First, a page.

This is a sermon that I preached on Sunday, 12/11/22, at Berkeley Friends Church. The scripture reading for this sermon was: James 5:7-10 & Matthew 11:2-11. You can listen to the audio, or keeping scrolling to read my manuscript. (The spoken sermon differs from the written text.)
One of the critiques that early Quakers had of the established church, was that the church at large had adopted a “meantime theology.” The reasoning went like this:
Jesus and the apostles have gone away to heaven, and all prophecy and miracles and revelation have ceased. The chance for salvation is not for now; it is for later. The best we can hope for now is a church that acts as a street medic for sin: Bandaging us up and providing some pain killers, but not quite skilled enough to offer real healing. For that, we would need to wait until kingdom come, when the Great Physician would return and he could heal us once and for.
To this kind of reasoning, the Quakers said, “No! Jesus has come to teach his people himself. The Great Physician is present, and we can be healed – transformed – we don’t have to limp along in sin any longer.” For the early Quakers, the message of the gospel is that Jesus did not just save us in our sin – pardoning us despite our continued evil – but rather that Jesus is actively saving us from our sin – healing and transforming us into people who act like and have the character of God’s children.
In a way, John the Baptist was the ultimate “meantime” preacher. He told people not to cheat, steal, and hurt one another. He gave people basic ground rules for repenting of sin, so that they would be ready when the Messiah showed up. But real salvation was in the future. It was not now, but then – on that day when the Messiah would come and bring a whole new order with him.
John knew that the Messiah was coming soon, but – for most of John’s ministry – he had not shown up yet. John was preparing the way for the Messiah, but he lived his whole life in anticipation of a person that he didn’t know and couldn’t fully understand.
Jesus said of John that he was the greatest man ever born. Jesus said: “Among those born of women, no one has arisen greater than John the Baptist, yet the least in the kingdom of heaven is greater than he.”
John had the anointing from God. He had the plan. He knew the Messiah was coming. Yet he couldn’t predict when or where or in what form. And when the Messiah showed up, he had to ask Jesus, he had to send word to Jesus from prison: “Are you the one who is to come, or are we to wait for another?”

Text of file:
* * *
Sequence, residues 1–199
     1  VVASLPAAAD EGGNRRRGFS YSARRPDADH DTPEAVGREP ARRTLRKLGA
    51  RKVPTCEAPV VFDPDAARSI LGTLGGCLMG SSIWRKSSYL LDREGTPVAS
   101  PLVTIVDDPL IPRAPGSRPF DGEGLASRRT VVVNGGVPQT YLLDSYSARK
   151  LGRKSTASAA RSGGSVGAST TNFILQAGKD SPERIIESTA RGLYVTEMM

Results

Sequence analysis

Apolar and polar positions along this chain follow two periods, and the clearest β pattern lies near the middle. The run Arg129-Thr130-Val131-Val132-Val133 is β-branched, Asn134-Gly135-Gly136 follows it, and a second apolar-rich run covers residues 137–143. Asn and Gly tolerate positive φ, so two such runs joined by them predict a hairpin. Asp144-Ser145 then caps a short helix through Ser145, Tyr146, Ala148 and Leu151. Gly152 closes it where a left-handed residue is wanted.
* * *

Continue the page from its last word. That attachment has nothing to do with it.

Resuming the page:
And Jesus tells John, essentially: Judge for yourself. Take a look at what I’m doing. Does it match the prophetic witness about the Messiah, or not? Am I doing the things that Isaiah predicted the Messiah would do? Look: The blind receive sight, the lame walk, the lepers are cleansed, the deaf hear, the dead are raised, and the poor have good news brought to them.” Tell me, John, what do you see?
We know that John died soon after this, executed by Herod. We know that John never got to see how Jesus’ ministry would fully play out. Like old Simeon, who saw Jesus as a baby in the Temple before he died, John was able to say, “These eyes of mine have seen the savior, whom God has prepared for all the world to see. A light to enlighten the nations, and the glory of your people, Israel.” John saw Jesus’ advent, but he did not live to see Jesus’ ministry come to fruition.
John was the greatest prophet of the old era, but like Moses his role was not to enter into the promised land. God used him to pass the torch to a new Joshua, Yeshua, Jesus. This was John’s meantime experience: Seeing God’s salvation, but not being able to rest in it during his lifetime.
How does this relate to the kind of meantime theology that early Friends railed against? The kind that says, “There’s nothing we can do about sin. There’s no way we can do better. But thank goodness, Jesus is coming back someday, and in the meantime we can die and go to heaven if we say the right words and receive the right sacraments from the right priests.” This is the meantime theology that excuses sin and mocks Jesus’ work on the cross.
The meantime ministry of John the Baptist might seem superficially similar, but it is vastly different in character. This is the meantime theology that Moses had. It’s the meantime theology of Martin Luther King, Jr. It’s the meantime theology that says, “I see that the dawn is rising. I see the promised land, stretched out before me from atop the mountain. I can see where God is leading us, and I know that we are going to make it there by God’s powerful hand and leading. But I don’t know if I’ll make it there with you.”
James writes to us this morning, encouraging us to be patient, to wait for the coming of the Lord like a farmer waits for the crop to grow and be ready for the harvest. “Strengthen your hearts, for the coming of the Lord is near.”
Strengthen your hearts. Because we may not get to walk into that promised land, but we can see it. We can see the deeds of power that Jesus is doing in the world today. And we know that he is among us. We know that he is here. We know that he is bringing the kingdom.
Maybe we won’t get to enter that promised land on the schedule that we would like. Maybe the transformation we want to see isn’t for us quite yet. But like John the Baptist, we can be obedient. We can make straight the way of the Lord in this crooked wilderness. We can be like Moses, serving the Lord with all our hearts, minds, and strength. Even if we don’t get to enter the promised land, we can open the way for others. We can be like Jesus, laying our life down for our friends, trusting that our God and Father will lift us up in the end.